https://doi.org/10.1371/journal.pone.0109627.g002

Spatial analysis of expression patterns on frozen sections shows that each of the five HD genes are expressed within the developing nervous system in a pattern that is largely invariable throughout this phase of embryonic development. In particular, Sof-Arx is homogeneously expressed within the stellate ganglia (SG) and in the anterior most portion of the supraesophageal mass (SPM) corresponding to the adult frontal lobes, with smaller more restricted domains more posteriorly in the vertical lobe (Figure 3A). This expression pattern is present at stage E24, and is maintained throughout the period of embryogenesis examined here (up until stage E28). Sof-Vsx is expressed in individual cells scattered throughout the optic lobes (OL; Figure 3B), as well as in a concentrated expression domain in the dorsal basal lobes, at the junction between the OL and the SPM, from stages E24-28 (Figure 3B). Between stages E25–26 expression is also detected in a population of cells scattered throughout the middle subesophageal mass (mSM; Figure 3B), whose expression may contribute to the observed peak in relative embryonic expression seen at this stage. Sof-Vsx is also expressed within the mesenchymal tissues of the developing beak in the buccal mass from stages E24–27 (Figure 3B).

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Figure 3. Spatial gene expression profiles of PRD-class homeodomain genes.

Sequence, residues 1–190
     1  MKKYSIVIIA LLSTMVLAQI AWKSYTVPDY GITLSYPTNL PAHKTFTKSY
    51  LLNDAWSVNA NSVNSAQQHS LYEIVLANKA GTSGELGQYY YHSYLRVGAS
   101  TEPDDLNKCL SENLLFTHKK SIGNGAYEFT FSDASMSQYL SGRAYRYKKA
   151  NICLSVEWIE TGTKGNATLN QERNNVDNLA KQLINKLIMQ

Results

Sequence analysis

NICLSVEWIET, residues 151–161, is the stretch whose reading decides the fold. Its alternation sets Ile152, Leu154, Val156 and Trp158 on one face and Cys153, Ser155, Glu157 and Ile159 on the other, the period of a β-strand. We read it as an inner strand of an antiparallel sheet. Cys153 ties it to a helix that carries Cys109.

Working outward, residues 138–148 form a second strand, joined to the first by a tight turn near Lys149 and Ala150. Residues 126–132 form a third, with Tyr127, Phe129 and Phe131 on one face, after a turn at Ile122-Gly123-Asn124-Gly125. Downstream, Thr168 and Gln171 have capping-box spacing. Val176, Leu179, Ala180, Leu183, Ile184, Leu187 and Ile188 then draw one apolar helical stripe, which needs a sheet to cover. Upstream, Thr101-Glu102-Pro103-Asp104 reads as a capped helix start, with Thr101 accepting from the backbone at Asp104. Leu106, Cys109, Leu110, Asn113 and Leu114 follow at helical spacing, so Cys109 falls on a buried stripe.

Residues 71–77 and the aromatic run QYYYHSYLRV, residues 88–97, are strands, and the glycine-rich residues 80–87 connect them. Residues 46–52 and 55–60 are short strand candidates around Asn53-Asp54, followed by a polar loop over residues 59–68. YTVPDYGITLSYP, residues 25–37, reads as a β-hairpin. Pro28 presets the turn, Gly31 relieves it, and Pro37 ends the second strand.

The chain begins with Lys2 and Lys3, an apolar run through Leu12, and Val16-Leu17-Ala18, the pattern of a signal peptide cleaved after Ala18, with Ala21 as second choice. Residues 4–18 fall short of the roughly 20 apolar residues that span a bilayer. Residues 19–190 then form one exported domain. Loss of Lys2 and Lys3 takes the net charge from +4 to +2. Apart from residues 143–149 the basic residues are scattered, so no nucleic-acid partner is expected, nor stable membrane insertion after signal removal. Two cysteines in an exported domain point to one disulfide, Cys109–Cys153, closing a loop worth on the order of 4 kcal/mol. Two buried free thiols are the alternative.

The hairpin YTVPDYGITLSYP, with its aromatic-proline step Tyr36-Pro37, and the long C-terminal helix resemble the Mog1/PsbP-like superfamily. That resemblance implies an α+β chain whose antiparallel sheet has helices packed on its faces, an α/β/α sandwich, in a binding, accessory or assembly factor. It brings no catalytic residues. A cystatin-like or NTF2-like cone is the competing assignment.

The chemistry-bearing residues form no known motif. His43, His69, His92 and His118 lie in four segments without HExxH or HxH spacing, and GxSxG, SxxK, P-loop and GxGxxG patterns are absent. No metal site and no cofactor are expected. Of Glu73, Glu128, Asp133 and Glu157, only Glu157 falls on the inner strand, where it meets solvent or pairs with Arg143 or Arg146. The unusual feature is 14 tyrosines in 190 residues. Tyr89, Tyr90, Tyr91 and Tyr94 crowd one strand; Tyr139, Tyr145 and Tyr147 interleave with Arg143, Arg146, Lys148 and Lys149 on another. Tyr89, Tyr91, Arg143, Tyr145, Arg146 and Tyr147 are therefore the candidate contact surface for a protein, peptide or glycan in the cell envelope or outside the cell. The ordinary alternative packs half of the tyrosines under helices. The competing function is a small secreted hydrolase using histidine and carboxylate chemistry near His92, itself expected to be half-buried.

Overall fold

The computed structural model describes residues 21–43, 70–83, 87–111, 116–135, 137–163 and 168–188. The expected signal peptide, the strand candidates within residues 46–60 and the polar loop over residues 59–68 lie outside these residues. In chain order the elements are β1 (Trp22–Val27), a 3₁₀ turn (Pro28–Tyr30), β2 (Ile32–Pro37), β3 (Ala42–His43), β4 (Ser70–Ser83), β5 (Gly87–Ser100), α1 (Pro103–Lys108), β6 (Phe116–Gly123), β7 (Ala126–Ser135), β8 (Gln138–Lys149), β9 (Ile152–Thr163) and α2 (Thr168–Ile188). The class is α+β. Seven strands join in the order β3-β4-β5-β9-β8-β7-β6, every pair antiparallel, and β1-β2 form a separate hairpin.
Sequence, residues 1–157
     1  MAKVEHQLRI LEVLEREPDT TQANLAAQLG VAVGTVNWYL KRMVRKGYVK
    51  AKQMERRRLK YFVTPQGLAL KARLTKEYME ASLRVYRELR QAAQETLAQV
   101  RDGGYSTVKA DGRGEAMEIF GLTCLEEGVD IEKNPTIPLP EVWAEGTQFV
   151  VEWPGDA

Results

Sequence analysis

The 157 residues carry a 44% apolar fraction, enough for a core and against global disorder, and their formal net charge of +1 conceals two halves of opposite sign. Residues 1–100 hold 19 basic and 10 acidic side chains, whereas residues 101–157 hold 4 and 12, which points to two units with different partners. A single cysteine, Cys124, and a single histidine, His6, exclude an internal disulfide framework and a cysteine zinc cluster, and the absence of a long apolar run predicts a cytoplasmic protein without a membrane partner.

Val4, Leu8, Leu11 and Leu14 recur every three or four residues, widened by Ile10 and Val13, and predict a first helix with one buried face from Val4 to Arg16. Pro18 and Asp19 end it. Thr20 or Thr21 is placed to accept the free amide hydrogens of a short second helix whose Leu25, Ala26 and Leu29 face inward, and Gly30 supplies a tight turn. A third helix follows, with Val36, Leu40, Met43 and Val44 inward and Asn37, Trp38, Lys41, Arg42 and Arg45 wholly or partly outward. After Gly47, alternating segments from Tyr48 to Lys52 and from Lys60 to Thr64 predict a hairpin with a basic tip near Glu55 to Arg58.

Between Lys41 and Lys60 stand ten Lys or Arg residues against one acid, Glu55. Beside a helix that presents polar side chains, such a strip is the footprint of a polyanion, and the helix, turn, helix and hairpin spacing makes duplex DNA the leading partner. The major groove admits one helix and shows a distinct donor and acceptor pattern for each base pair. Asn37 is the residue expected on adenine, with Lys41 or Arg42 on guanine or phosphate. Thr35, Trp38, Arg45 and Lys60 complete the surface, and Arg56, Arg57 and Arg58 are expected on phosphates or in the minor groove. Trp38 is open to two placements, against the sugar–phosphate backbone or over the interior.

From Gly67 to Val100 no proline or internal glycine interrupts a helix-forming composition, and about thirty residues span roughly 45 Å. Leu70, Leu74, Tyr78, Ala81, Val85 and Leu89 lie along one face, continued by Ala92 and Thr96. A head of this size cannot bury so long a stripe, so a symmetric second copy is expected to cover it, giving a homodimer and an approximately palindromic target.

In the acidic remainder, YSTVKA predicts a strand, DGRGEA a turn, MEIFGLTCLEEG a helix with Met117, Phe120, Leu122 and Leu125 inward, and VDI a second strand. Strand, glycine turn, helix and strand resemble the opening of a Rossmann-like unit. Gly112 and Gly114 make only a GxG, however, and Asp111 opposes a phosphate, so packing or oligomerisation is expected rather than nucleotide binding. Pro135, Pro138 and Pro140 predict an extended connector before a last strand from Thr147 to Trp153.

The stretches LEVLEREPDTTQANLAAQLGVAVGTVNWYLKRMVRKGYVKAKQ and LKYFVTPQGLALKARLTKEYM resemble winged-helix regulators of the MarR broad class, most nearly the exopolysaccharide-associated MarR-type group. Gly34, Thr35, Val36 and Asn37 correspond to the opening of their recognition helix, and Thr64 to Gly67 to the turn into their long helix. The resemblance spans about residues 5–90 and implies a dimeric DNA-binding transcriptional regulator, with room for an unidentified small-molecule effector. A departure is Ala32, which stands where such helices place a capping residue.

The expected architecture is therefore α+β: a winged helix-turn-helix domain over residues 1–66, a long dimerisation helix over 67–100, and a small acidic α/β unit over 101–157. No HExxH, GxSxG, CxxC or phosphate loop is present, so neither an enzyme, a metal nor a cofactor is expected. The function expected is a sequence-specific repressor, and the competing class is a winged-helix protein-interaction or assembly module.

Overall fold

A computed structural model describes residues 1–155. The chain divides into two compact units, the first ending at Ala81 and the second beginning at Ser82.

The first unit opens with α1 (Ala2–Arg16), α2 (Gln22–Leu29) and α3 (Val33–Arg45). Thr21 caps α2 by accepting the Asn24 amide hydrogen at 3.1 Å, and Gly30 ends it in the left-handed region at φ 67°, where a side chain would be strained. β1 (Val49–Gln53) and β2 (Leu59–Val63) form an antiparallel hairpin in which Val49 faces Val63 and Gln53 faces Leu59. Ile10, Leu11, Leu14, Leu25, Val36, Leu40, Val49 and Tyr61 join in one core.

The first panel of all figures is a schematic diagram as in figure 1, summarizing gene expression domains reconstructed from analysis of serial sections of embryos from stages E24–28. The age of embryo shown is found in the upper right corner of each image. A) Sof-Arx. From left to right: Medial section through the head illustrating expression within the supraesophageal mass; Gene expression within the stellate ganglion; Medial section through the head illustrating retained expression within the supraesophageal mass. B) Sof-Vsx. From left to right: Medial section through the head illustrating expression within cells of the optic lobes, the supraesophageal mass, and the middle subesophageal mass; section through the buccal mass illustrating signal associated with the mesenchyme of the developing beak; medio-lateral section through the head demonstrating gene expression in cells scattered throughout the optic lobes, and within the supraesophageal mass. Abbreviations - asm: anterior subesophageal mass; bm: buccal mass; msm: middle subaosophageal mass; psm: posterior subesophageal mass; st: statocyst; sg: stellate ganglion; spm: supraesophageal mass.

https://doi.org/10.1371/journal.pone.0109627.g003